What Are Variable Fonts In Typography?
We’ve seen the rise in responsive design and with the importance of mobile-first indexing beginning to grow, websites are going to need to ensure that they are adapting to every device they are being viewed on. Brands and web giants across the world are bringing out their own smartphones in order to further compete in the market – but could a brand be impacted by the way their font looks?
Quite simply, fonts have a serious issue. What might look great on your Mac could look blocky on a Nexus 6 or bloated on a Chromebook – even if the font style and size is exactly the same across each and every device.
This is where variable fonts come in. Variable fonts are a type of typography which can adapt in real-time in order to suit the device that they are being shown on, making the entire reading experience as fluid as possible, ensuring that a website’s content looks great no matter the platform it is being shown on. As well as fluidity, variable fonts can also help to save space on a website, as multiple fonts can be effectively stored in a single file. While the concept of these variable fonts has been around for a while, technology is only just beginning to catch up in order to make these a reality. Here, we’re taking a closer look at just how variable fonts are set to be implemented in order to solve the typography problem.
Whether a developer, a lover of typography, a content writer, or a web designer, variable fonts are set to make a huge impact. But how big exactly? Well four of the world’s largest platforms for typography, Apple, Google, Microsoft, and Adobe, are working on how to bring these variable fonts into the limelight and even unveiled a number of variable fonts to the public.
Tim Brown, head of typography for Adobe Typekit and Adobe Type, said: “For hundreds of years we made things that were static. Now we have to design things that have a typographer’s brain built in so they can respond to different conditions and still look good.”
How Do Normal Fonts Work?
Regular fonts rely on individual files for each style. For example, Arial is an individual file. Bold is an individual file. Bold Italic is an individual file. The list goes on. These font files all comprise of a font family. In order for each style to render appropriately on a webpage, app, other devices, each file must be uploaded. The more files that are added to a webpage, the more bandwidth is being used, further slowing down the site which, as we already know, is a big problem when it comes to impressing Google with your site speed.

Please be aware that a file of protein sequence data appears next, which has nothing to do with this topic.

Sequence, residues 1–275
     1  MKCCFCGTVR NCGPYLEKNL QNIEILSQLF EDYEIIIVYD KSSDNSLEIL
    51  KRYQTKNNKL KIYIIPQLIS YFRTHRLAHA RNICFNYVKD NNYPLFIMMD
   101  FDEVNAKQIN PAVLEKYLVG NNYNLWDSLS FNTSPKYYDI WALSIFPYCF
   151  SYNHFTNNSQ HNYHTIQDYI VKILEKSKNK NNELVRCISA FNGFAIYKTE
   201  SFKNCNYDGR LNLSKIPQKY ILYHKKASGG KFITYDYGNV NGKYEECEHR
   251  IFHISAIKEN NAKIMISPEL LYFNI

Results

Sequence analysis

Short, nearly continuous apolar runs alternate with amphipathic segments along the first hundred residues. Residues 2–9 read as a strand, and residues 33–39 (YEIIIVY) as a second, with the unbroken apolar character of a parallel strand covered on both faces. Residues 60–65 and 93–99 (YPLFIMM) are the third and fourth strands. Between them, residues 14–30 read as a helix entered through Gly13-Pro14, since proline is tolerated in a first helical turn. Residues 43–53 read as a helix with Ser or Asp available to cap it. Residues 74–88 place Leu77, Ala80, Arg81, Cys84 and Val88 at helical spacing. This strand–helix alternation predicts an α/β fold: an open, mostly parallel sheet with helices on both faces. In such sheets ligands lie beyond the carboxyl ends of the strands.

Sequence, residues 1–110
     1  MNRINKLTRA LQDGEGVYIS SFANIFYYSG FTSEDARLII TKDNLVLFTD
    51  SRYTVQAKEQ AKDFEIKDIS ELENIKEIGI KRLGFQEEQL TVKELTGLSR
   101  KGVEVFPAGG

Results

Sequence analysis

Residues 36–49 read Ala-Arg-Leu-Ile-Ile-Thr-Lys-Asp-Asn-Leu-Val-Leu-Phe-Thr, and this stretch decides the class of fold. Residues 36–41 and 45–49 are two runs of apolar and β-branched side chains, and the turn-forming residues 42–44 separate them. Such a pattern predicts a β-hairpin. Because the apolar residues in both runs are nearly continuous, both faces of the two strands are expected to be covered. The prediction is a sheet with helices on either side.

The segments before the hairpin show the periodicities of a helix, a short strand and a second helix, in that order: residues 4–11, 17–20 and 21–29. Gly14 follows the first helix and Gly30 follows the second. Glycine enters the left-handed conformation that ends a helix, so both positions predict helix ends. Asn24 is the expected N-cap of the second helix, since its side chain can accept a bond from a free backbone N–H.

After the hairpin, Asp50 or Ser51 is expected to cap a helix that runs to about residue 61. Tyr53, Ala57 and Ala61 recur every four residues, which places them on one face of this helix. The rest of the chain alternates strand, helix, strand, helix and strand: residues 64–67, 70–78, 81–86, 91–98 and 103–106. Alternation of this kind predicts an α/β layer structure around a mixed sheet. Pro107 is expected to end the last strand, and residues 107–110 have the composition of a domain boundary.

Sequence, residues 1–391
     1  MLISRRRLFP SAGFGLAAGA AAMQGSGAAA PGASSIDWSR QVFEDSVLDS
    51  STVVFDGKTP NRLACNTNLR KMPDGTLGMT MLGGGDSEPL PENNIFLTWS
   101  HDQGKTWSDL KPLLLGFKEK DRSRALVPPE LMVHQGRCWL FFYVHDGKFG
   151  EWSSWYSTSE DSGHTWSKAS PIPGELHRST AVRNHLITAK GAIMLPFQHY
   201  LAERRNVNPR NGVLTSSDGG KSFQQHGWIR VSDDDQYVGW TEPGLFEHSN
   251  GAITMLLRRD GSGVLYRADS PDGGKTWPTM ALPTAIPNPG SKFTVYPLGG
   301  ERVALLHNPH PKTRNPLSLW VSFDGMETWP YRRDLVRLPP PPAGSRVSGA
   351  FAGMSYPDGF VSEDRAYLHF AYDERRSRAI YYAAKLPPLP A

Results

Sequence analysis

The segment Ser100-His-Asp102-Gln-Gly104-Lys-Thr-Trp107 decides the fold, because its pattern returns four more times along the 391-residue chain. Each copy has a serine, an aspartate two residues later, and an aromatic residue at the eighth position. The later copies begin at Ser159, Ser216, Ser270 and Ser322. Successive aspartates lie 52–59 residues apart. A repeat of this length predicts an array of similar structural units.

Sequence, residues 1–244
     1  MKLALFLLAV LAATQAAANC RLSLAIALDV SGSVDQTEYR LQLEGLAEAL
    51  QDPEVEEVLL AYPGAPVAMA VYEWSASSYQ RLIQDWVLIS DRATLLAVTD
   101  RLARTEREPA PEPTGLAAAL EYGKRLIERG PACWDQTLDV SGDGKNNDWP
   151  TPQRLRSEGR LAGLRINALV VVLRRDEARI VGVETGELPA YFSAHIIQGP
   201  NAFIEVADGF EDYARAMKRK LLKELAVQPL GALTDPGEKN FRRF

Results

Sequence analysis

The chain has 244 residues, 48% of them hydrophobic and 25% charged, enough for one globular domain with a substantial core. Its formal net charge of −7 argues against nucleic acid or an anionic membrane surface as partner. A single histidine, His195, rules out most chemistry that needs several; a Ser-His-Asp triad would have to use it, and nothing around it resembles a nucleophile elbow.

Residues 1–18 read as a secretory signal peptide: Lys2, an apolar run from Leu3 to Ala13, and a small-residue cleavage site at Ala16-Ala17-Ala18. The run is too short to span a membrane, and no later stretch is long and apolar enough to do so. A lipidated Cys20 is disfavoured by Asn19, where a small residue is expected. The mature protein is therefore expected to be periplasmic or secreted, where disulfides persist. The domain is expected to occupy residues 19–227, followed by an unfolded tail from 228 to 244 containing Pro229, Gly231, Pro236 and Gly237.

How Do Variable Fonts Work?
A variable font comprises of a font family which is packaged into one individual file, as the font style is defined by using one or more axes. This is where things get a little complicated and jargon-heavy but bear with us.
If, for example, a designer wants to use a typeface and vary the weight of this typeface across the content, then a variable font is beneficial. At one end of the axis, a certain typeface can be defined, and at the other end, a different version of the typeface can also be defined – for example, Franklin Gothic Book can be at one end of the axis and Franklin Gothic Medium Cond can be at the other end. This is all stored in a single file. The designer can then access any point along this axis in order to determine exactly which font style they want to use, simply and easily, this is perfect for your website as it allows fonts to be changed easily without completely rewriting the code, allowing for easy customisation.
The same thing can be attributed to other design parameters in order to ensure that any content displayed is ideal for the application or device which is used. These are not defined by individual files but are instead defined by how much they differ between each extreme, stored within one file. This allows a variable font file to remain up to 70 per cent smaller than a traditional font family file.
Variable Font Applications
The extent of the application of variable fonts is almost endless. In developing countries where even 2G is a luxury, variable fonts can help to save time and money, by helping to dramatically reduce loading times across web pages and apps, on all devices. In countries who regularly use the internet across a multitude of devices, consumers want consistency, and the technology behind variable fonts will help to ensure that this occurs.
Complexities Of Variable Fonts
As with any new technology, the integration of variable fonts is likely to be complex. For fonts to be able to show up anywhere, rendering engines will need to be developed. These are incredibly complex software and take a significant amount of time to develop and test. While rendering engines are in the process of being developed, it could be a long time before they are released and available on the market. Alongside the rendering engines, browsers and design software will also need to be improved in order to ensure that the variable fonts can be put in place effectively.
Variable fonts have been spoken about for a number of years, but their full integration could be complex and time-consuming. Nevertheless, the increased need for a seamless experience and exceptionally fast site which is compatible on all devices is certain to see variable fonts rise in importance.